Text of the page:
FG To Spend N971bn On Petrol Subsidy In 2015

About N971 billion will be spent on petrol subsidy by the Federal Government in 2015, while N250 billion will be spent on keroses subsidy, according to the 2015-2017 Medium Term Expenditure Framework and Fiscal Strategy, MTEF paper, which President Goodluck Jonathan sent to the National Assembly for approval as the basis for the 2015 budget of N4.817.76 trillion.

According to the document, “The activities of crude oil thieves and oil pipeline vandals remain the main risks to oil production. The potential implications of their activities are a reduction in government revenue with further impacts on government debts and fiscal deficits as well as pressures on the exchange rate.

“Given the role of oil production volume on government finances, government remains committed to curbing these nefarious activities. Consequently, it is intensifying security, particularly ground and aerial surveillance, around oil facilities through the combined efforts of security agencies and local communities’ participation.

“These security forces under the National Executive Council Committee are being better equipped to checkmate the activities of oil thieves and pipeline vandals. There would also be better engagements of the Ministry of Justice and lawyers for faster prosecution of oil thieves.”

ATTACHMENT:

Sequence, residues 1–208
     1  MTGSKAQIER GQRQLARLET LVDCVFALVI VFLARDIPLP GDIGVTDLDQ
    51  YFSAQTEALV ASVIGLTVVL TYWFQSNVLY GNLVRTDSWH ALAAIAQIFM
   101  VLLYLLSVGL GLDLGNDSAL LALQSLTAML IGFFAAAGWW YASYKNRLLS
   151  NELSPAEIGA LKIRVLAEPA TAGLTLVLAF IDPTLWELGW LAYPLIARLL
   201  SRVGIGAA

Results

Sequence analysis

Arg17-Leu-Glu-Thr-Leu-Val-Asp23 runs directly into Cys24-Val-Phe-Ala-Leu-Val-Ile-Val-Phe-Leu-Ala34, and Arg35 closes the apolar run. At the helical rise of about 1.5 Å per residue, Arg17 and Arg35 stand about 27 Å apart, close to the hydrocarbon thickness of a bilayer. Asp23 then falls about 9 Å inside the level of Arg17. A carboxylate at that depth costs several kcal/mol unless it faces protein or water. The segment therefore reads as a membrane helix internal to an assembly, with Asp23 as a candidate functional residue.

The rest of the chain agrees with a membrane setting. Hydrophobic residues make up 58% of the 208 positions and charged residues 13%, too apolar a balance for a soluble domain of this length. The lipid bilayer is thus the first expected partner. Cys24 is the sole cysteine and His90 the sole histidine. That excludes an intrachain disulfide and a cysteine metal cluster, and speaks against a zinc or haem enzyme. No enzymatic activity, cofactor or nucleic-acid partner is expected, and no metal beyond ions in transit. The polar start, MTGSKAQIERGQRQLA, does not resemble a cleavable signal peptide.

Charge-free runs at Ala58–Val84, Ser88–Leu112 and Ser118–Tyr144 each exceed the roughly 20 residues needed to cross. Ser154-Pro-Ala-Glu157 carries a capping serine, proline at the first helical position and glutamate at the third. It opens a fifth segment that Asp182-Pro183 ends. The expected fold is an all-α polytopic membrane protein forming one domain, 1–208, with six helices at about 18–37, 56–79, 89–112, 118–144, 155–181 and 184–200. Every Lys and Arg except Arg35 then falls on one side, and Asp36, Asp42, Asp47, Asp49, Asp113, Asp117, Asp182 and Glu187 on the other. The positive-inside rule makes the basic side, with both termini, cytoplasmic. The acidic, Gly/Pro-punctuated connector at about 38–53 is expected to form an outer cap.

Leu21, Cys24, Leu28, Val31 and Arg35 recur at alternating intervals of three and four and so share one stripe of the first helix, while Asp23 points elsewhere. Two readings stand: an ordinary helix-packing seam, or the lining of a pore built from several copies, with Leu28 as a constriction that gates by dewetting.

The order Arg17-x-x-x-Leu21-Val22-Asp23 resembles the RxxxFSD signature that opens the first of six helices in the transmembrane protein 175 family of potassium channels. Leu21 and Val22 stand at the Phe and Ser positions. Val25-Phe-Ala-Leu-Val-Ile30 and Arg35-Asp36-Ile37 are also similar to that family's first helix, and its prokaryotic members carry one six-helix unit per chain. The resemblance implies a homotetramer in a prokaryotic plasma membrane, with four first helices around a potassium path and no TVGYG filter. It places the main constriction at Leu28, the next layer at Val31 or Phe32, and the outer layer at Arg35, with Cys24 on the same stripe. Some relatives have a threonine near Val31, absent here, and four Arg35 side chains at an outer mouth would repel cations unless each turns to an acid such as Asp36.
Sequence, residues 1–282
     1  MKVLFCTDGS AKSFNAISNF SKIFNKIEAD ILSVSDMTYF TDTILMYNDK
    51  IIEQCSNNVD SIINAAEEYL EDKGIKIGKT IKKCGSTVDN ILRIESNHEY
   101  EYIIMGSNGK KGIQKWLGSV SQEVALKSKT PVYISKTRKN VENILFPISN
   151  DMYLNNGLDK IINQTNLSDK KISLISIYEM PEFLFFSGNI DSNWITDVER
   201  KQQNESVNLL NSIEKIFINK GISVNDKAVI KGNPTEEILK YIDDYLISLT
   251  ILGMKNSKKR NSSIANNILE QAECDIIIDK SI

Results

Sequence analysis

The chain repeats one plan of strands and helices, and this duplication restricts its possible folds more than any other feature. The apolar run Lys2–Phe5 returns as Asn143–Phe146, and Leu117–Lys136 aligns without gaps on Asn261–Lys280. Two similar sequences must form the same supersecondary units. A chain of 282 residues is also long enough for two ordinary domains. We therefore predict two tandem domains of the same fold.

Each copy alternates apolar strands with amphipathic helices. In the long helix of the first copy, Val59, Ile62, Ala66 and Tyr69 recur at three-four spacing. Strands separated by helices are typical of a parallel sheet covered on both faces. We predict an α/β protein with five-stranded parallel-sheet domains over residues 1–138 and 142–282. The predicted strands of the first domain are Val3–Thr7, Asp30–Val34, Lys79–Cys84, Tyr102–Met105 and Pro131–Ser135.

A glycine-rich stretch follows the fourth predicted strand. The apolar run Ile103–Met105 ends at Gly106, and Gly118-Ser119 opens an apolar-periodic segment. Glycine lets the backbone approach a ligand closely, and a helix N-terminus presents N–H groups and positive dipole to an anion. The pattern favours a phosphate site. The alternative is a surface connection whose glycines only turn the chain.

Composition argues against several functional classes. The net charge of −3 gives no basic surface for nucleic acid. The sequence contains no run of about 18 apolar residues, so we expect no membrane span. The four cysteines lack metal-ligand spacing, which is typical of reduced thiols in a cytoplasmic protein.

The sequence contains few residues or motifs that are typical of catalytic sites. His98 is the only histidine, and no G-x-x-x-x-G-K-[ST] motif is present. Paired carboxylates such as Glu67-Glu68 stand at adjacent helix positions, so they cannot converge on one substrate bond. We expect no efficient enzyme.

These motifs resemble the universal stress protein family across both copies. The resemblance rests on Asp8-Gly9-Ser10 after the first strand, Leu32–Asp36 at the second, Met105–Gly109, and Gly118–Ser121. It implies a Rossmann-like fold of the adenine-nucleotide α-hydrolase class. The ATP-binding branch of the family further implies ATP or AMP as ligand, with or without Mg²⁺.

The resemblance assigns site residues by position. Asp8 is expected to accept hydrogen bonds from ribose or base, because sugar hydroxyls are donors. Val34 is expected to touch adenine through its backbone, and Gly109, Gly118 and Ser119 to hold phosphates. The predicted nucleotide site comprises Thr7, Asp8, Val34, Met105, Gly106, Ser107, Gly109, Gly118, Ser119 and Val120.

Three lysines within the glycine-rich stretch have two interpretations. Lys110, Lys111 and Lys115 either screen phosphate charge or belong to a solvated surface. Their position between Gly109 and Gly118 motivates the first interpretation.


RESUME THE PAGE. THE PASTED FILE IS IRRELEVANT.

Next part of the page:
The MTEF document also indicated that the Federal Government had projected that it would spend N1.029 trillion as capital expenditure for ministries, departments and agencies. N1.801 trillion would be spent as personnel costs for the MDAs while service wide votes would gulp N376.05 billion and N570 billion projected as new borrowings in 2015, the document stated.

President Jonathan however admitted that the oil sector was not witnessing new investments due to uncertainty occasioned on the non-passage of the Petroleum Industry Bill (PIB).

He explained that the oil benchmark of $78 per barrel was predicated on the projected balance between increasing global supply resulting from rising oil and unconventional oil production and production disruptions that may result from geopolitical risks.

“Our proposal is also driven by the need to be cautious in our revenue projections given the volatile nature of oil prices and the need to rebuild our fiscal buffers, which have been very useful in periods of revenue shocks,” the president said.

Senate President, David Mark had since directed the Joint Committee on Finance and Appropriation to work on the Paper within two weeks, saying the early conclusion of work on the document would enable the senate to determine early passage of the proposed 2015 budget.